Due to the lengthy filming and video production process, they propose that similar projects in the future include sufficient preparation for each production stage, with flexible timelines occurring during a less busy time of year.
The researchers also conclude that “videos do not support active learning on their own, but they can be used effectively if paired with relevant learning activities” (p. 10).
When surveyed, 78% of participating students reported that they appreciated the exposure to other students’ experiences, and another 78% agreed that the videos were engaging. Student levels of engagement were reported to have increased when the videos were appropriately introduced and contextualized, when expectations and subsequent activities were discussed, and when students were encouraged to decide whether or not they personally agreed with the messages in the videos.
The authors also explain the value of instructors as facilitators instead of traditional lecturers. They conclude that librarians must continue to consider the “academic world” from the unique perspectives of students in order to improve instruction and develop meaningful learning tools. A project such as this one “speaks to students in their own voices, positions the students themselves as “experts,” and works toward transforming the student experience” (p. 11), and they would like to see the videos used in a wider variety of courses and classroom contexts (p. 10).

The central premise of this video project involves “students as experts, instructors as facilitators” (p. 10-11). The article describing Majekodunmi and Murnaghan’s project shows that by creating student-centric videos, instructors are able to design a better learning tool.
In the future, it would be great if incoming students were regularly interviewed with questions similar to those asked in this project, even when filming is not available. Then, instructors would be able to use the interview results as baseline data to update the curriculum from the students’ standpoint.
Using these videos interviews in the classroom allows instructors to engage with students more actively (p. 10). Within teaching guides, the constructive and individual process is a key methodology (p. 8).

In the future, what other kinds of ways can instructors help students construct their academic progress? Instructors should keep an open mind as to emerging literacies because there are always new ways to communicate through technology.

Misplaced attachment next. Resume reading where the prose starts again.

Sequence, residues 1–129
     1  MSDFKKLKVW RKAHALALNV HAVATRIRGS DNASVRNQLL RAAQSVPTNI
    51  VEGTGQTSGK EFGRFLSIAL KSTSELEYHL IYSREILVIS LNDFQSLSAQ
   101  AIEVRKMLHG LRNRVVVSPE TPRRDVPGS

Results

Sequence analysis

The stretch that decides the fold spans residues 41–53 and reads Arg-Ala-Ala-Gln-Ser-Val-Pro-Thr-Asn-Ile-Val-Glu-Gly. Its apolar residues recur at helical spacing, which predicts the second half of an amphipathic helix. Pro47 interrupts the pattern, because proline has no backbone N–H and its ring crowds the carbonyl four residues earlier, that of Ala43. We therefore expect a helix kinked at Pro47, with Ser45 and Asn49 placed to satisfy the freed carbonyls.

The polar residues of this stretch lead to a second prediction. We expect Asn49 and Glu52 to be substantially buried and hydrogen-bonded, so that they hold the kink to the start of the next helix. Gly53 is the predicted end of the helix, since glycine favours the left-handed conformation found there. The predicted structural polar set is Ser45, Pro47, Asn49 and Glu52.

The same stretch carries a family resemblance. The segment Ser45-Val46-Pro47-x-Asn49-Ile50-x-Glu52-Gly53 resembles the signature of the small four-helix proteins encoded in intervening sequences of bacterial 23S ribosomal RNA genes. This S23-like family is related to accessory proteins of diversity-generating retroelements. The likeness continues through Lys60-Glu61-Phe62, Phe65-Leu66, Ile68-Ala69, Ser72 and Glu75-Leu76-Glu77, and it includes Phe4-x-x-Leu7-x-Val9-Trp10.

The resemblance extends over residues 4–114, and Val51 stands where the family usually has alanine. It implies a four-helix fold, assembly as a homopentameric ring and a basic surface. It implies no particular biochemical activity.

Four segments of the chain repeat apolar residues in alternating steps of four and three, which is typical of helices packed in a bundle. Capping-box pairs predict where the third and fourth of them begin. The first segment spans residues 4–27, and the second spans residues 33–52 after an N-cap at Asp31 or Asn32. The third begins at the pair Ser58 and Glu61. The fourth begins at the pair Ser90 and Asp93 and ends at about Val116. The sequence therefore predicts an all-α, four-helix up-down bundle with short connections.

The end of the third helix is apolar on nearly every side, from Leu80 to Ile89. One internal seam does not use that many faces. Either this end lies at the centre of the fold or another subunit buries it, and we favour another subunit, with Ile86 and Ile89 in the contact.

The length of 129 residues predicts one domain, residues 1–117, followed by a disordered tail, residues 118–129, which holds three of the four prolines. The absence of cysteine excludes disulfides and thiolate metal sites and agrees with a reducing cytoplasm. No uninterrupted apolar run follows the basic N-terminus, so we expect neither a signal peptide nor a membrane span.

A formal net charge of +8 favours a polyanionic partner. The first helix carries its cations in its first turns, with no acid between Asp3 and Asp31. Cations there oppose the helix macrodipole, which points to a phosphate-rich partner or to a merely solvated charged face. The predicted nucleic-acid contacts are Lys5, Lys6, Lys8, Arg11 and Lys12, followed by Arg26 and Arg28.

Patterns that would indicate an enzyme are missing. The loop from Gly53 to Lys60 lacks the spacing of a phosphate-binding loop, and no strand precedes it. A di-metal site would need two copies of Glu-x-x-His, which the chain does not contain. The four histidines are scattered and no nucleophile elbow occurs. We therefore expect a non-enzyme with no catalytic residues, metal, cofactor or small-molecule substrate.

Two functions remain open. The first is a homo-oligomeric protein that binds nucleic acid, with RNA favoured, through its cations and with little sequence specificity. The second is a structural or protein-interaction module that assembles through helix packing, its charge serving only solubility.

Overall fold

Karppinen, Paivi. “Meaningful Learning with Digital and Online Videos: Theoretical Perspectives.” AACE Journal, 13.3 (2005): 233-250. Web. 20 Aug. 2012. Retrieved from: http://www.editlib.org/d/6021
Majekodunmi, Norda and Kent Murnaghan. “Learning: In Our Own Words.” Web. 20 August 2012. Retrieved from: http://www.library.yorku.ca/cms/learning-commons/2011/11/08/learning-video-series/

One thought on ““In Our Own Words”: Creating Videos as Teaching and Learning Tools”

  1. The idea of learning happening most meaningfully when students are actively engaged really shows through here. While this study looks at college-age learners, even work in early literacy shows that participation in the learning process is crucial to maintaining interest. Student-led discussions, often beginning with some teacher direction and requiring students to carry the question and answers within a discussion, has proven to be helpful with 7-12 graders, as well.

    Collaborating with their peers and learning from one another seems to have a tremendous impact on a student’s learning process. The ACRL Information Literacy Competency Standards for Higher Education supports this idea in each of the standards. This assignment encouraged students to select and evaluate necessary information. To further develop their literacy skills, students incorporated their knowledge into informative videos that could then be used by their peers. Another way to encourage students to be engaged in the assessment process and to foster creativity is to have students create an e-portfolio that includes images, short clips of instruction, music, and reflections of their own learning experience.